Eighteen years ago we moved from bustling southern California to rural Utah and tried to learn to work the land, to plant an orchard, to raise animals—to live a country life. It didn’t come easy! But, we were blessed to have old timers as neighbors and their farm wisdom was profound.
One adage that I heard repeated was, “A plant in need is quick to seed.” Whenever you see a plant that is immature and small, but blooming, you can be sure it isn’t getting what it needs to thrive. It senses that conditions are dire, and tries to bloom and set seed as quickly as possible, or its life will be in vain.
I have pondered this law of nature, and realized how much it applies to children. When children live in emotionally healthy conditions and are secure, nurtured and loved; they have lots of interests and hobbies. They feel there is plenty of time to grow lush and full and mature before they must concern themselves with reproduction. There is no rush. Rather, there is a feeling of full contentment in the growth process. They have lots they want to learn and do and see and try.
However, when home life is unsatisfying, when God is left out of their lives, when the culture overtakes them via the media, when great meaning in life, and a cause is not taught to children, it seems their focus jumps prematurely to being “quick to seed”. It amazes me how “boy-crazy” girls have become at such a young and tender age. It seems even 9-year-olds want to wear bras and make-up. Appallingly, they are concerned with looking attractive to the opposite sex! Few are “bashful-about-boys”, demure young ladies. More and more common are girls that are aggressive flirts.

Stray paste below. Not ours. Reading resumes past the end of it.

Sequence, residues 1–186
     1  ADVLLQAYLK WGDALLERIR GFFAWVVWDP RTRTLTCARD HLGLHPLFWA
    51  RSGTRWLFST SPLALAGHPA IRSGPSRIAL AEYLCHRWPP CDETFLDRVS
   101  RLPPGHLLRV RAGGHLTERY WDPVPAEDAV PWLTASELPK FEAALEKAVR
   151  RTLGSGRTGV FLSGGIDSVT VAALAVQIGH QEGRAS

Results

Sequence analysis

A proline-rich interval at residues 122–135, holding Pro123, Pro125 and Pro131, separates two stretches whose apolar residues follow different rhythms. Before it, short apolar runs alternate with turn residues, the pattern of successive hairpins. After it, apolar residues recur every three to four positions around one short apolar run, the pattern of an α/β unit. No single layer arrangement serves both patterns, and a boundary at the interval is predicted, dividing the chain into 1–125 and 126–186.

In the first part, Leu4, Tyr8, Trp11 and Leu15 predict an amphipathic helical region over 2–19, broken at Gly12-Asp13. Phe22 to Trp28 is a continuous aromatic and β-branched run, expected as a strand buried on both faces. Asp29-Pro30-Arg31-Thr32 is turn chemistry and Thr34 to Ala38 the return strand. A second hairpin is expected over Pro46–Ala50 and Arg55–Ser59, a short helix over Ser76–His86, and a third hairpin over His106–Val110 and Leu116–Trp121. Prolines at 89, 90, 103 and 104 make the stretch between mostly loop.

Pruning has its human connection too. When we moved to our land, I was busy child-bearing. I was eager to grow fruit trees, but my days were filled with caring for my little ones and teaching my kids, and I was often interrupted in a task. I walked out in the orchard recently to see grown trees that are bent and leaning, unable to bear their load of fruit because of their crooked trunks. One tree even had its stake pounded neatly into the ground next to it, but for the pitiful lack of a cord, it grew slanted from the wind. Just a thin cord would have trained it straight and upright and able to bear the weight of its fruit.
So it is with children. Just a little consistent training when they are young will yield what dynamite can’t fix when they are grown. I didn’t know enough about this when I was a young mother. I didn’t realize that teaching them to say “please” for every favor when they were just barely able to speak would give them a pleasant social manner and a grateful heart. I didn’t think to make sure they they never missed saying their prayers. I didn’t realize that letting them slip out of work before the job was done well would backfire miserably.
Prune any wayward tendencies when they are young and only a slight pressure will hold them upright so they can grow strong and straight. Give them optimum growing conditions and they will grow tall and lush before they feel a need to focus on blooming and seeding. Farm wisdom.
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